Rune Allnor wrote:
> ramojparuchuri@gmail.com (Ramoj Paruchuri) wrote in message news:<30d8ae8b.0407160625.5c522f56@posting.google.com>... > > >>Rune: I tried for that book, but surprisingly Barnes & Noble doesnt >>have a copy in any of their stores. > > > I'm not all that surprised that the bookstores don't have that book. > I don't know many people who actually own (or have available) a copy, > but all four of them work with real-world data analysis as opposed > to academic research or teaching. If a book is not used in a class, > it will not be available in the bookstores.
I saw Bendat and Piersol's book at the Fairlakes Barnes and Noble in Fairfax, VA , USA about a month ago. I didn't have a chance to browse through it. I own the 2nd edition, does anyone have any comment on the 3rd edition? worth updating?
> > I am quite sure the book is available through bookstores on special > order, as well as from www.amazon.com. > > Rune
Hi All, 
I have some weird results....Ok! Let me explain what I did

inA[2N]; inB[2N] are my 2 input arrays which has real no.s in it.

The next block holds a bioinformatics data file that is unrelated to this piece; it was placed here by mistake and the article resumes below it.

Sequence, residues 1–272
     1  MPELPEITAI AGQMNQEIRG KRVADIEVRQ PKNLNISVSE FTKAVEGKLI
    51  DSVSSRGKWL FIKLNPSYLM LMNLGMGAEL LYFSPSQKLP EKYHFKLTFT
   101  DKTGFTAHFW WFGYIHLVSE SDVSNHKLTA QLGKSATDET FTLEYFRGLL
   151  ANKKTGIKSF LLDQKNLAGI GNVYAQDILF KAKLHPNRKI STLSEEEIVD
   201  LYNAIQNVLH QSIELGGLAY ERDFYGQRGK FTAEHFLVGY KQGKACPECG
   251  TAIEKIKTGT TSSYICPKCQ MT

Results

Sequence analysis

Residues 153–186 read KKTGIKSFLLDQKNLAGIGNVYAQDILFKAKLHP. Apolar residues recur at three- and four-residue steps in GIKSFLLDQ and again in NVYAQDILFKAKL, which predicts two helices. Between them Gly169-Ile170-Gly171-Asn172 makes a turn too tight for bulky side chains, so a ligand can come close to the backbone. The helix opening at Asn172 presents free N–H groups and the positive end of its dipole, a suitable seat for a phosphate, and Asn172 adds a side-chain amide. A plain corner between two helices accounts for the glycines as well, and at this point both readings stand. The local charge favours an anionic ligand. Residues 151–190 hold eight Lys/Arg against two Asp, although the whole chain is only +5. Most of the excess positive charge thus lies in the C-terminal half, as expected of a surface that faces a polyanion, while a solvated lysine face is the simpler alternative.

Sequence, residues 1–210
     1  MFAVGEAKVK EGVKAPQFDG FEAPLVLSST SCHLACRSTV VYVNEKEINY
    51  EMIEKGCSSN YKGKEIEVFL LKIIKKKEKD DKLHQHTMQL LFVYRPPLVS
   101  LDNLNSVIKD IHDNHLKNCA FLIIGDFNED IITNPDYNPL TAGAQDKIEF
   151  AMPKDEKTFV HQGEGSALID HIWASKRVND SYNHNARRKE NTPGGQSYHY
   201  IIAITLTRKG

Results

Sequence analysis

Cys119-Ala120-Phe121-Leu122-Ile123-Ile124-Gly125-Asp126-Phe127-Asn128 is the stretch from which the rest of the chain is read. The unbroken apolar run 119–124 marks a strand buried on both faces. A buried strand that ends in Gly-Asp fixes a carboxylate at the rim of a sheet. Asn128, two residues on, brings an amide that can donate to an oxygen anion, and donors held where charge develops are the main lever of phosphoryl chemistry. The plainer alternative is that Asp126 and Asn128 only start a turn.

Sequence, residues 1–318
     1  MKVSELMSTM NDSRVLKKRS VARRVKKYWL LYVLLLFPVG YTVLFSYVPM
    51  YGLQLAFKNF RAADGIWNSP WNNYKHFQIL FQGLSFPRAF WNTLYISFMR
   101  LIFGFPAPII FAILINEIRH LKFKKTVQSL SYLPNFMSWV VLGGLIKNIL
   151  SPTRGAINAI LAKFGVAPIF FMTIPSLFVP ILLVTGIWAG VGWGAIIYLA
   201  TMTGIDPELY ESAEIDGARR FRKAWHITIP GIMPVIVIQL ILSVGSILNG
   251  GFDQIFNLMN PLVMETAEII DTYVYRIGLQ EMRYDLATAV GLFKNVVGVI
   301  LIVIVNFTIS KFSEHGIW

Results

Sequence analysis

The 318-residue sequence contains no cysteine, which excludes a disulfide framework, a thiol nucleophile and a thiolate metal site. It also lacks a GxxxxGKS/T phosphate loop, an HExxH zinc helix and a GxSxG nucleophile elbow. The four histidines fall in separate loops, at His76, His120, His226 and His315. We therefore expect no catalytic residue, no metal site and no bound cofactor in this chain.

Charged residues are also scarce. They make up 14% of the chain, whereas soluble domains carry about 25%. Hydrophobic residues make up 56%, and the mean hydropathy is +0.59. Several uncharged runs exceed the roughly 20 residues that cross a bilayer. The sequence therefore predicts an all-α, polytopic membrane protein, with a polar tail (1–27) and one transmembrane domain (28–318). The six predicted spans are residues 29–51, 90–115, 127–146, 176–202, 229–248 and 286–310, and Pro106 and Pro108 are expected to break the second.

<for now lets say, 2N is either -- 2, 4, 16, 32, ....>

I had used FFTWs to calculate FFTs.
outA[N+1][2] = FFTW_r2c (real_to_complex) { inA[2N] }
outB[N+1][2] = FFTW_r2c (real_to_complex) { inB[2N] }

Where [][0] = real part; [][1] = img. part;

Then, outB'[N+1][2] = conjugate of { outB[N+1][2] }
   (a+ib = conjugate of a-ib) -- if my math is not wrong.

Then I found outC[N+1][2] = outA[N+1][2] * outB'[N+1][2];
Then used the regular 1d complex BACKWARD Tranform function in FFTW to
find outD[N+1][2] = FFTW_1d_ (complex to complex, backward)
(outC[N+1][2])

Then does the Values in the real. part of that outD mean correlation
coefficients?
if yes, the highest correlation coeff Index is different from that
obtained from a normal/regular cross-correlation.

I am not very sure what I am doing wrong above...Any help is highly
appreciated.
Thanks,
Ramoj